And then going back to my other example, it’s not just about capability. Sometimes it’s around poor performance and managers don’t want to deal with the poor performance, so they just keep hiring above it. And again, I think for recruiters, that’s a really easy conversation. To say to a manager, are you building? And if we are building, how are we going to build it? And let’s get all the expertise in. If we’re going to go and buy the skill, absolutely fine. We can go to market and this is our strategy around that. But actually is this a long-term role or is this a short-term piece of work? So I don’t think it’s a difficult conversation when you try to scale it. It’s just about bringing some rigor to those conversations that everybody starts to get into that rhythm of having similar conversations.

Johnny Campbell:

Question back from Ady Sharma existing live and when we think of building capabilities, do you think companies, L&D teams or talent management teams should proactively work on building capabilities? Some of the major corporate firms also don’t have a plan around this. And Jennifer Sullivan backing that up saying totally agree. A lot of time organizations don’t have the capabilities looking at what’s missing within the various teams. So how would you respond to that question around do you think companies, L&D teams or talent management teams should proactively work on building capabilities?

Anne Carrigan:

100%. So I come back to the economic situation and when it’s a bit volatile, when it’s a bit uncertain, it’s not about externally recruiting. Often it’s around how do we retain talent? And a lot of that is around personal development, skills development. Now you are going to ride out a recession, we always do. And unfortunately a lot of organizations that do the start, stop, will then just rush to market again to try and hire. But actually if you’ve got an L&D team or a talent development team that can spot the gaps, spot the gaps a year out, two years out, three years out, and think about what interventions they need to put in place to support those gaps… Regardless of whether there’s a role, at the end of it, you’re going to attain your staff, right? Because you’re investing time to develop those skills.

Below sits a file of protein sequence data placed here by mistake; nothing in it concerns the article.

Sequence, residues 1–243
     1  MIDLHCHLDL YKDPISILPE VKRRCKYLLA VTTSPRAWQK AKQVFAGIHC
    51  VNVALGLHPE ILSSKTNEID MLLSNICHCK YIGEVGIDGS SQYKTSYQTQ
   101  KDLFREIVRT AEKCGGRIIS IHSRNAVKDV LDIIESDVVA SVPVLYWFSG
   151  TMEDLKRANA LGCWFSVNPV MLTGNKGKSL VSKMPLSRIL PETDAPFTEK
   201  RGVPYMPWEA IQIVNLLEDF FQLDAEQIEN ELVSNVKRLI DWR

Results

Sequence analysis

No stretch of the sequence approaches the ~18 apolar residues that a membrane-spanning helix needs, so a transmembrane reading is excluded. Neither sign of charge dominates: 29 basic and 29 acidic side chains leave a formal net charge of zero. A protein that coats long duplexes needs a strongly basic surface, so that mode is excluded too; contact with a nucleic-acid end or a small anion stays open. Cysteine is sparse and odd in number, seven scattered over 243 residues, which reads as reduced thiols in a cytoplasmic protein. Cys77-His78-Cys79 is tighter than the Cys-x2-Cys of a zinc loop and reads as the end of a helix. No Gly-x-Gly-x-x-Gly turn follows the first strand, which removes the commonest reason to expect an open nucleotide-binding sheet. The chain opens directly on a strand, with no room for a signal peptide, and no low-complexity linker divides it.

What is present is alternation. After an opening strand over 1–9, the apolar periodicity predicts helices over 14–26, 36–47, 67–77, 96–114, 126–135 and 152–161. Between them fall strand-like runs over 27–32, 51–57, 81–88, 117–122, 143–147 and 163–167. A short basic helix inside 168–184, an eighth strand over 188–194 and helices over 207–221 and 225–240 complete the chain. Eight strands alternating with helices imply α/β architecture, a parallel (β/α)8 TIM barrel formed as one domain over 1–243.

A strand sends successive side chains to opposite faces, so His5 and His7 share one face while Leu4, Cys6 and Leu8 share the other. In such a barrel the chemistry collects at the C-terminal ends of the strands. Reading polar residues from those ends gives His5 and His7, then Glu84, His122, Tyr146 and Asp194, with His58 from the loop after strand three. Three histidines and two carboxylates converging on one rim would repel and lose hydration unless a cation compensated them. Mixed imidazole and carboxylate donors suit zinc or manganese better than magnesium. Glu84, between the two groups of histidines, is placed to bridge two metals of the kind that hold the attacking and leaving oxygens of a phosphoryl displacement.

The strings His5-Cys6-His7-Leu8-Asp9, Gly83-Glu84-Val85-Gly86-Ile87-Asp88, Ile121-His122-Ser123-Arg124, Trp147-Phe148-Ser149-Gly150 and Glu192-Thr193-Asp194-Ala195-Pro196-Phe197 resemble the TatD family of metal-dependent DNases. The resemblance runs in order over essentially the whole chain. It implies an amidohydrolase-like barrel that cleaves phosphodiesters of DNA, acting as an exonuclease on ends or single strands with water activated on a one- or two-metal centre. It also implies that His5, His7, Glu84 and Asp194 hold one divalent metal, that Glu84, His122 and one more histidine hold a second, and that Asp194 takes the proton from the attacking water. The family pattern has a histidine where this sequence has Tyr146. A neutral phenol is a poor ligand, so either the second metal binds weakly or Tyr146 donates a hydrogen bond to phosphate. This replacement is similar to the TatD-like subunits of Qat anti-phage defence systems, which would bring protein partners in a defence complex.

It’s really interesting. I’ve worked with an organization, big global organization, and I met with them a couple of months ago and I heard a really frightening statement and their L&D team tell TA they’re not allowed to poach their staff. That’s the same organization. The same organization is so siloed that the L&D team and the talent development team believe that TA are poaching staff when they look internally and we’ve got to switch that on the head. Our best talent is already in our organization. We retain talent that’s already in our organization, not by just leaving them, by developing them, giving them opportunities, giving them growth opportunities. So there’s a fundamental role that L&D, TD, whatever you want to call it, have to play in this. But I think that’s where TA and TD play really closely together because if you’ve got a talent development team that are developing people, whether it be technical skills or professional competencies that don’t match the conversations that TA are having around growth, it’s such a massive disconnect. So they have to work really close together.

Johnny Campbell:

We had asked, because we’re a skills platform, we trained and educate people and people asked me about upcoming skills, where are the skills going in recruiting? And it’s an obvious question, I tire of it because when I look at the skills, the skills haven’t changed that much in recruiting. It’s about the fundamental structure of recruiting that I think is the opportunity. And an idea that we’ve been playing around with and talking to people about and I’d love to get your opinion on it and I haven’t teed you up in this Anne, so God knows what Anne’s going to say.

Anne Carrigan:

God knows what I’m going to say!

Johnny Campbell: